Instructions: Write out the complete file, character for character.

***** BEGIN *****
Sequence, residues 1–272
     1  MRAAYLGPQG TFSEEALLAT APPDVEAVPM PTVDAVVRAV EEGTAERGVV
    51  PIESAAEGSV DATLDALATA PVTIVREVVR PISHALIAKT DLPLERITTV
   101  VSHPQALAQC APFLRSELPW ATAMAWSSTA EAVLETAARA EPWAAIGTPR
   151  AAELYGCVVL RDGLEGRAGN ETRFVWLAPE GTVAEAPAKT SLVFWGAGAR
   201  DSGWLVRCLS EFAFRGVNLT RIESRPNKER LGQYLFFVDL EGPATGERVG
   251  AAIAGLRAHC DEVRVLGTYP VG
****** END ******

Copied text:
Sequence, residues 1–272
     1  MRAAYLGPQG TFSEEALLAT APPDVEAVPM PTVDAVVRAV EEGTAERGVV
    51  PIESAAEGSV DATLDALATA PVTIVREVVR PISHALIAKT DLPLERITTV
   101  VSHPQALAQC APFLRSELPW ATAMAWSSTA EAVLETAARA EPWAAIGTPR
   151  AAELYGCVVL RDGLEGRAGN ETRFVWLAPE GTVAEAPAKT SLVFWGAGAR
   201  DSGWLVRCLS EFAFRGVNLT RIESRPNKER LGQYLFFVDL EGPATGERVG
   251  AAIAGLRAHC DEVRVLGTYP VG